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A Tale of Two Generations

by Dennis L. Barkvia Hoover Digest
Thursday, April 30, 1998

Despite almost half a century of peace, prosperity, and democracy—and despite the reunification of Germany itself—older Germans are gloomy about the nation's future. Younger Germans aren't. By Hoover fellow Dennis L. Bark.

Soviet premier Vyacheslav Molotov and Uzbek party leaders

Inside Stalin's Darkroom

by Robert Conquestvia Hoover Digest
Thursday, April 30, 1998

Hoover fellow Robert Conquest reviews a new book, The Commissar Vanishes, that documents Soviet doctoring of photographs, paintings, and even sculpture. How the Communists cropped history.

The Myth of a Russian Dictatorship

by Michael McFaulvia Hoover Digest
Thursday, April 30, 1998

Western analysts portray the Russian government as a virtual dictatorship. Hoover fellow Michael A. McFaul dissents. It would be an odd dictatorship, he argues, that found itself thwarted by a legislature or pushed around by a free press.

NATO's Next Mission

by William J. Perry, Warren Christophervia Hoover Digest
Thursday, April 30, 1998

NATO achieved its first mission—preventing attack from the communist East. Now it must take up its larger mission—ensuring a stable and secure demo-cratic Europe. By Hoover fellow and former Secretary of Defense William J. Perry and former Secretary of State Warren Christopher.

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The Unknown Opposition to Soviet Rule

by Gordon M. Hahnvia Hoover Digest
Thursday, April 30, 1998

New documents prove that, even after Stalin's purges, famines, and show trials, the internal opposition to Soviet rule never ended. By Archivist Gordon M. Hahn.

Toxic Alert in Russia

by Richard F. Staarvia Hoover Digest
Friday, January 30, 1998

The United States is about to pour money into Russian toxic weapons labs. The intention? Converting the labs to peacetime purposes. At least that's the American intention. The Russians may have other ideas. By Hoover fellow Richard Staar.

Vasili Azhaev's Far from Moscow

The Soviet Lit Biz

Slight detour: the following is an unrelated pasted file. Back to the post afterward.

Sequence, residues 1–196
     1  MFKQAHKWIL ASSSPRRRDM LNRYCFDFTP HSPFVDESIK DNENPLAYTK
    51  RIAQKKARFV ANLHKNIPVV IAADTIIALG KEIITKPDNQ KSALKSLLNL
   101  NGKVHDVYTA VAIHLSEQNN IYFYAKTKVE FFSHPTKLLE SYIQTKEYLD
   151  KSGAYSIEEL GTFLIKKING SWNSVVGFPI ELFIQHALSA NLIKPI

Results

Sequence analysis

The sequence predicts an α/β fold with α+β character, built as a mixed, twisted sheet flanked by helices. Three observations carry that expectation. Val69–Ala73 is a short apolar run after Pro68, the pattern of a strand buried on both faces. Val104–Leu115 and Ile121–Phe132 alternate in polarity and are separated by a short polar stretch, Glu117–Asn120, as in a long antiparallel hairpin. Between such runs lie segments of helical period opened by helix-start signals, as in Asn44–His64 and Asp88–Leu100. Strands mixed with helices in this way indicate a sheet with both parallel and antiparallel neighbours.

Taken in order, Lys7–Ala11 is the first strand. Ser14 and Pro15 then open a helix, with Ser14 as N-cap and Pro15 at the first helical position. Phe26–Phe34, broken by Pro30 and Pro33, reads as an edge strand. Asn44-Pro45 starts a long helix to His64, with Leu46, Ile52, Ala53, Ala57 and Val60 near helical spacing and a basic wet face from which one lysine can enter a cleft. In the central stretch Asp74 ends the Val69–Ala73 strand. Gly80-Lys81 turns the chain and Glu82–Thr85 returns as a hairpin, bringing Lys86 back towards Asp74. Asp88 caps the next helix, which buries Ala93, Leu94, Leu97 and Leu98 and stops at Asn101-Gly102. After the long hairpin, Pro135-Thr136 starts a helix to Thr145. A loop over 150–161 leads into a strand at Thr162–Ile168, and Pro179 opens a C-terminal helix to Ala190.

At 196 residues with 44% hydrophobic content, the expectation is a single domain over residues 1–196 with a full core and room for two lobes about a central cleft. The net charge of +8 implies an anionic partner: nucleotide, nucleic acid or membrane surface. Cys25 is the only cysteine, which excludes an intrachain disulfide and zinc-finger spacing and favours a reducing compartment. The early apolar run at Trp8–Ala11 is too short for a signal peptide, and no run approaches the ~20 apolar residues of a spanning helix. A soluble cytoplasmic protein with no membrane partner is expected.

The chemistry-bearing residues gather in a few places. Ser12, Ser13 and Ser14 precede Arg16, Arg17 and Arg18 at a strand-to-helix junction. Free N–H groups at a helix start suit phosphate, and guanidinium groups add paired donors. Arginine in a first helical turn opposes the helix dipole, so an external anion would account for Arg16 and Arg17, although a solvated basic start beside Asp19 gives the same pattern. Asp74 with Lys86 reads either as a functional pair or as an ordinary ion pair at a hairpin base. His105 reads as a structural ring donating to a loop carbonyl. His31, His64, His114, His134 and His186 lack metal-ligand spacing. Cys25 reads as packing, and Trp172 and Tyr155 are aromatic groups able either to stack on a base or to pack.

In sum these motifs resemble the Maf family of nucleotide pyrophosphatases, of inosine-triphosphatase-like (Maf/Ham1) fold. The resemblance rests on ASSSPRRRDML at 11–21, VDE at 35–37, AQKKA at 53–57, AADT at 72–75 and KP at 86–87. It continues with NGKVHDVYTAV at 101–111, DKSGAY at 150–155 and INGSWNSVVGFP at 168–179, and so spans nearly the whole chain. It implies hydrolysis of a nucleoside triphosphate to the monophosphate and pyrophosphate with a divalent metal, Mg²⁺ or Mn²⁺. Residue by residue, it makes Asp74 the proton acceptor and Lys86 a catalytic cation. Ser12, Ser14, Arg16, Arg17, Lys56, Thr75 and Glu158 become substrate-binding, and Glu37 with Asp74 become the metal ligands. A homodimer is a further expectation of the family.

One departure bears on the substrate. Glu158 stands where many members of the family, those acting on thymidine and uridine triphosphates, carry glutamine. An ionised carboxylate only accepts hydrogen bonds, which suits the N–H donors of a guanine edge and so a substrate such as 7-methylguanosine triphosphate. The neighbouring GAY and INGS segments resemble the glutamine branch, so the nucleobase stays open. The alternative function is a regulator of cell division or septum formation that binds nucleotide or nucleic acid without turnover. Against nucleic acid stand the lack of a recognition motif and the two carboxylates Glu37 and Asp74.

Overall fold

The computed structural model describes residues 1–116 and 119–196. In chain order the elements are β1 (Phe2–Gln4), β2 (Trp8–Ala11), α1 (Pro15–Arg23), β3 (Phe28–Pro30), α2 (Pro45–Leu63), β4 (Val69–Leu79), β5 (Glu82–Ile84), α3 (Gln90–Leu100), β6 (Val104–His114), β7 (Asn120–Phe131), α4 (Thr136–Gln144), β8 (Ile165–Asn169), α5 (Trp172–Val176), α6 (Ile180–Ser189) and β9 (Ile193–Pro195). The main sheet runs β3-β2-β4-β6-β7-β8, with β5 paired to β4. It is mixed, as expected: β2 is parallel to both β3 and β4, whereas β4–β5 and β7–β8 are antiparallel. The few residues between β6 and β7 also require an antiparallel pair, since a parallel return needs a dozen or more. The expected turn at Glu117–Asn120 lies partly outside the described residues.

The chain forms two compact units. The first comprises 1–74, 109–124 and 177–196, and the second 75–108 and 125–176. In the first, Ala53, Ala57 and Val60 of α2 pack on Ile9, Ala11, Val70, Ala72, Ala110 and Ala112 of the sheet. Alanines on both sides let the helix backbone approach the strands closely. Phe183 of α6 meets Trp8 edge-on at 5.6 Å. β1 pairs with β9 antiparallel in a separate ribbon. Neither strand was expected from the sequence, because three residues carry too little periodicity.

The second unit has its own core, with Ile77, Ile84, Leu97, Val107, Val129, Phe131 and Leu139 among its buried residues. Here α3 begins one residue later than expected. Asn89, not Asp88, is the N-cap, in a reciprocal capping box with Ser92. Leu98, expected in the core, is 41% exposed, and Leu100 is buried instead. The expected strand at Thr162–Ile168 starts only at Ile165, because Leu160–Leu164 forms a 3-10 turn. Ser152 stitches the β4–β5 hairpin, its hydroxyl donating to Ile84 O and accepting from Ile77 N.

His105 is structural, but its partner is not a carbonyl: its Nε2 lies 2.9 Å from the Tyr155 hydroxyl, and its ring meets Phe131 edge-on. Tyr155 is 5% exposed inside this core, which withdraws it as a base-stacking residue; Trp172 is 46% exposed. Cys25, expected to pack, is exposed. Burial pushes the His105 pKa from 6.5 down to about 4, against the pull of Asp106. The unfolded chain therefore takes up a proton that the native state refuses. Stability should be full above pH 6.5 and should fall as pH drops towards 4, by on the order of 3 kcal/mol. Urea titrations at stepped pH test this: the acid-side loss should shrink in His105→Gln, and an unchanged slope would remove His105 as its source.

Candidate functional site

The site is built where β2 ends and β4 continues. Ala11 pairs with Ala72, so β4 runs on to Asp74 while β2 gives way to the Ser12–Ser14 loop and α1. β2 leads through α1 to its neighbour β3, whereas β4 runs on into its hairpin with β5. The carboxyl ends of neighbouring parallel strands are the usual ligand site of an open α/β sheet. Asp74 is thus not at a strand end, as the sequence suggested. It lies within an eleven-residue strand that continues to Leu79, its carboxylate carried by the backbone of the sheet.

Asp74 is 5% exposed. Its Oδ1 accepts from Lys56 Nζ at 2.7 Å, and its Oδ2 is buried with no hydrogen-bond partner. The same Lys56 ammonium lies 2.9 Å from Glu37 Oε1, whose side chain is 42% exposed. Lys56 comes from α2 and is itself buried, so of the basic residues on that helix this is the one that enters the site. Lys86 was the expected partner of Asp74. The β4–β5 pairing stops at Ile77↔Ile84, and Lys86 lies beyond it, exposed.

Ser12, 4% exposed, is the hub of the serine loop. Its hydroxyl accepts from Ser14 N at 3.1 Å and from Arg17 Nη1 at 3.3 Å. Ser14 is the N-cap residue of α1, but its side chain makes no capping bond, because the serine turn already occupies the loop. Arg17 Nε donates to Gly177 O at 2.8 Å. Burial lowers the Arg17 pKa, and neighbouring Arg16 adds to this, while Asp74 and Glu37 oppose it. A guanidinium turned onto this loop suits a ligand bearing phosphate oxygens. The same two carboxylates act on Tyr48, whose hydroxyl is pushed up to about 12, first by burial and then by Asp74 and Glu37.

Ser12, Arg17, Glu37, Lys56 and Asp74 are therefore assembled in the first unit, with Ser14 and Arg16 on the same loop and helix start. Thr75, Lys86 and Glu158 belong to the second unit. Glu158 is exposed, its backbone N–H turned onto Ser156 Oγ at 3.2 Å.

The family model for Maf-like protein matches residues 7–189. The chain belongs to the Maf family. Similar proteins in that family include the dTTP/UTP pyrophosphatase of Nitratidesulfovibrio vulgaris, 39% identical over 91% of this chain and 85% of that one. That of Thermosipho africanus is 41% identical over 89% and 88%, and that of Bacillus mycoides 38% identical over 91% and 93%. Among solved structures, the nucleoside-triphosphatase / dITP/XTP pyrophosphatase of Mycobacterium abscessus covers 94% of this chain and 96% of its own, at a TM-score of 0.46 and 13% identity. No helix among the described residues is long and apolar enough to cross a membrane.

by Arnold Beichmanvia Hoover Digest
Friday, January 30, 1998

Hoover fellow Arnold Beichman examines one of the darker corners of Soviet history, describing how the Communists "annexed the written word--fiction, nonfiction, plays, essays, short stories, everything--to the party apparat."

WW II recruiting poster calls for the good of the motherland

You Are Strong, You Are Weak, Mother Russia

by Robert Conquestvia Hoover Digest
Friday, January 30, 1998

When the Soviet Union collapsed, Poland, the Czech Republic, and Hungary made quick transitions to democracy and free markets. Yet Russia itself failed to do so. Why? Hoover fellow Robert Conquest explains, drawing on eight centuries of Russian history and his own lifetime of study.

Russia's Ominous Void

by Michael McFaulvia Hoover Digest
Friday, January 30, 1998

After more than six decades as a one-party state, Russia today has in effect become . . . a one-party state. Hoover fellow Michael A. McFaul explains why the Yeltsin government lacks an opposition--and why the lack is so dangerous.

We Won. Now What?

by Dennis L. Barkvia Hoover Digest
Friday, January 30, 1998

With the Cold War over and done, the Atlantic alliance has given birth to a new world of peace and prosperity. Yet the Europeans suddenly think ill of us, while we hardly think of them at all. Hoover fellow Dennis L. Bark presents a portrait of postpartum blues.

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